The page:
By Jeremy Ryland
Where is the best restaurant in the world? Which is
the best restaurant in Australia? Where can I get a great steak/paella/pork
dumpling? It all depends on who you ask – and whether you believe them … whether
you trust them. In practice, we all have different perceptions, different likes
These days, everyone is a critic and there are many sources
of food and dining reviews. In “Confessions of a
Reviewer” (31 January 2019) I suggested that restaurant reviews, and those who
write them, fall into the following categories:
Journalistic: reviews by journalists in newspapers and magazines
that are largely designed for a specific market.
Professional: reviews by groups such as Michelin and
Gault&Millau, where the reviewers are food professionals who are trained,
dine anonymously and pay for the meals in full.
User-generated: reviews provided by restaurant guests on online sites,
such as TripAdvisor, Quandoo, Zomato and The Fork.
And then there are the bloggers
and influencers: reviews by amateurs,
some of whom are knowledgeable and very talented, who write to their followers
on their own online blogs, as well as providing short reviews on social media.
However, there is also a group of bloggers and
influencers who solicit for free meals. Recently, in Brisbane, a blogger asked
a small restaurant to provide three free meals in return for a positive review.
The restaurant politely refused, due to the high cost, and the impact that
would have on turnover given their limited seating capacity. Allegedly, in
return, the blogger wrote a negative review, even though they had not actually visited
the restaurant and, moreover, it was reported they got some colleagues, none of
whom had visited the restaurant either, to also post negative comments. This
kind of negative publicity could well put this restaurant out of business, and
the restaurant is powerless while having done nothing wrong. It is not in the
interests of restaurateurs, restaurant critics or the genuine bloggers to accept
this type of behaviour. It should be reported and removed.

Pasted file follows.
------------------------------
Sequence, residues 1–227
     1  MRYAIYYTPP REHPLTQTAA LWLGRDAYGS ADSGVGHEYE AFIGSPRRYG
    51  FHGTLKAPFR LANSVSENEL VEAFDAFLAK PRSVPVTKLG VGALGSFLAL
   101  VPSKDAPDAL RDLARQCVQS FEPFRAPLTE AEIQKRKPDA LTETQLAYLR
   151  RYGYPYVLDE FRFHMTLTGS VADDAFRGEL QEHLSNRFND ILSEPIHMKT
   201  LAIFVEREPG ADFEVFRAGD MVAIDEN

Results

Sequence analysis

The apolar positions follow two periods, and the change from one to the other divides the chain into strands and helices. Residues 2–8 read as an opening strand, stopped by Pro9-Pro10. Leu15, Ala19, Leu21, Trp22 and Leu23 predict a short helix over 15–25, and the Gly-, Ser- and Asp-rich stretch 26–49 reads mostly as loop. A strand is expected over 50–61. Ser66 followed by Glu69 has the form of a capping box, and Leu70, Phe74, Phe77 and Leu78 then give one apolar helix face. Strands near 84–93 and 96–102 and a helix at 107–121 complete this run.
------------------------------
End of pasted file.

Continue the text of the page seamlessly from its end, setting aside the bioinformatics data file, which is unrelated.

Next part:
So, if you are a restaurant goer who is looking for
information on where to go for dinner, who do you believe?? Who can you trust?
If you know and trust the journalist’s views in a
newspaper, the reviews can be reliable. But, bear in mind that they may have
been asked by the publisher to do the review and sometimes their personal
preferences, prose and entertainment take over.
Professional reviews are based on a standard score
card and are reliable as they are consistent. The professional restaurant reviewer is
usually qualified – a chef, a sommelier, a food scientist. To understand how
well a dish is made, one must know how to make it.
Do you trust the social media bloggers? Bloggers have a major
part to play in our modern information systems. If you are to believe what they
write and say, they need to be impartial, consistent and honest. While some are talented and knowledgeable, some
provide very little information and are just after a free meal and cannot be
What about the customers on TripAdvisor? The reviews
on these sites are true guest experiences, however, are subjective and can be
biased by the writer’s mood, preferences and dislikes.
In reality, the only
reliable reviews are the professional ones from groups such as Michelin and
Gault&Millau, whose reviewers are anonymous and pay for each and every meal. And also perhaps,
your closest friends with whom you dine and trust.
Trust is a significant
human emotion. Trust is something we do not give easily. Trust is earned. Trust
requires safety, security, integrity and positive emotion. Who can you trust?
You can trust